A Classic Margarita Recipe to Pair with Earthy Indian Flavors.
By Ushi Patel
My sister-from-another-mister, Carrie, is married to my good friend Steve (she came first), a Baseball-Playing-Mexican-American-Sweetheart-Of-A-Guy hailing from Los Angeles who can throw down in the kitchen. The three of us often joke that our fridges are always filled with the same foundational ingredients (except of course for that one lone piece of ginger in mine).
Spend some time in the kitchen of any Indian or Mexican and you’ll find garlic, cumin, onions, cilantro, tomatoes, limes, lemons and some sort of array of fresh and powdered chili. While our chilies aren’t exactly the same, we both love to turn up the heat in our food.
Carrie and Steve generously feed my need for home-cooked Mexican food and chilies on a regular basis. It’s become a tradition that John now also savors. Occasionally (and I do mean occasionally because I am very selfish about my Mexican food needs), I make some Indian for them. While cooking, about 5 minutes into the chopping and prep I turn to my right and there is a beautifully poured, salted rim classic margarita and chip overloaded with habanero salsa. Bliss.
The Classic Margarita Recipe for an Indian Feast
We know that margaritas are synonymous with good times and Mexican food, but they also bring out the diversity of flavors of Indian food. There is certainly a movement towards crafting cocktails with Indian spices, which I respect, but more often take the stance of a purist when it comes to the margarita.
The lightly sweet, tart, and salty liquid brings forth the more earthy cumin and coriander without suppressing Indian flavors like other cocktails can. If you’ve got non-drinkers in the bunch, a margarita sans tequila does the same.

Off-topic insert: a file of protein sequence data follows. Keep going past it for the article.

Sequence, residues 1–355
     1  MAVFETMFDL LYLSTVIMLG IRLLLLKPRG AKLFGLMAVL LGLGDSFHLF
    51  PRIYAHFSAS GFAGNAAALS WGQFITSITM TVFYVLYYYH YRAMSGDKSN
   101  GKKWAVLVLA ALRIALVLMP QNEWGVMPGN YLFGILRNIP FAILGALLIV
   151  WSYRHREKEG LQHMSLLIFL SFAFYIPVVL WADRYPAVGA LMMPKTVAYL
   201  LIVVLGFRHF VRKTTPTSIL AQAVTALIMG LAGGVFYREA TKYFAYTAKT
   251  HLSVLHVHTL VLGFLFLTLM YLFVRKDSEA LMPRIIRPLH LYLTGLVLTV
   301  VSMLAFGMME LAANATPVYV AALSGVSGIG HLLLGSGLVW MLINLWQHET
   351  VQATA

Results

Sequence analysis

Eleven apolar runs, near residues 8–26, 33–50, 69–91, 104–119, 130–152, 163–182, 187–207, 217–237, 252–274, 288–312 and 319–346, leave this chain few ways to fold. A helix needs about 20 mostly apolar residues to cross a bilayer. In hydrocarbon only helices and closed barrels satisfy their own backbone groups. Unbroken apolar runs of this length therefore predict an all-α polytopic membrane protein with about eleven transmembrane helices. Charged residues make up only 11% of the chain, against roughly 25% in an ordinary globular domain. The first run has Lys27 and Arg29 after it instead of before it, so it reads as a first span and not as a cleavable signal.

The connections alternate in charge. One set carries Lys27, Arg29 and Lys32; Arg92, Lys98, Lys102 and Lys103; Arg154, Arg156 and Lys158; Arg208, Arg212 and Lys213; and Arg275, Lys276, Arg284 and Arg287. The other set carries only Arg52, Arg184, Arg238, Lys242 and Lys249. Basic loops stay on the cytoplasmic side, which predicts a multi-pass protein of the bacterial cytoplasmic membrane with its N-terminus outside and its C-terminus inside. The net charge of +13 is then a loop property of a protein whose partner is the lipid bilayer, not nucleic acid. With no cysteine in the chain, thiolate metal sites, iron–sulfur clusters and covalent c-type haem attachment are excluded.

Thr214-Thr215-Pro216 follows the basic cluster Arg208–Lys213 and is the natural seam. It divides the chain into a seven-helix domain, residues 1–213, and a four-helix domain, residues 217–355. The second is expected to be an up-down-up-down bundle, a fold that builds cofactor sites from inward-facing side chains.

A not-so-side note to my Mexican friends, I know there is much debate about whether the Margarita is truly Mexican or not, well explained in this article The Margarita Was Invented By Accident, It Turns Out by James Cave. I get it, “Curry Powder!” He’s also got some recipes there for truly authentic Mexican Drinks.
My point here is, consider serving this classic margarita the next time you cook Indian food. Simple ingredients. Easy prep. Happy taste buds!
I’ve also included a few tasty variations at the end of the recipe that refreshingly bring forth the flavors in Indian food and add even more color to your spread.
2 ounces tequila (Reposado for mellow, Silver for smooth, Añejo for woody)
1 ounce freshly squeezed lime juice
½ ounce simple syrup or ¾ ounce light agave nectar
¾ ounce cold water
1 slice lime wedge
3 tablespoons Himalayan or kosher salt, optional
Notice there is no Triple Sec, Grand Marnier, or Cointreau in this recipe! In my humble opinion, this overpowers the Indian flavors and all of us South Asians could use less sugar in our diets. I recommend keeping it clean and simple. See alternative variations below.
Shake the tequila, lime juice, agave nectar, and water vigorously for 30 seconds with ice and strain into a chilled glass (rocks) filled with ice. Garnish with the wheel of lime.
Optional: Before filling the glass with ice, take a wedge of lime, and rub it around the outside of the glass to coat with juice, then dip it in a dish of Himalayan or kosher salt.
Blood-Orange: (pictured above)
Add 3 ounces fresh Blood Orange Juice. Use toasted cumin and sea salt on the rim.
Add 2 ounces fresh grapefruit juice. Use smoked paprika and sea salt on the rim.
Add juice from 1 orange and a sprig of fresh dill. Use orange zest and salt on the rim.
Jalapeño, of course:
Add a few sliced jalapeños to your shaker. Use toasted cumin and sea salt on the rim.
Yes, Be a Tequila Snob.
Since the primary flavor of the margarita is tequila, make sure you’ve got only the best. Everyone’s taste different, and uniquely theirs, but here are a few tips:
Look for the “100% de agave” legend on the label of your bottle. If it isn’t there, then up to 49% of your tequila is actually fermented cane sugar.
Avoid the so-called “gold.” The liquid is caramel coloring added to make the colorless tequila more appealing.
Here at Bombay House, we love:
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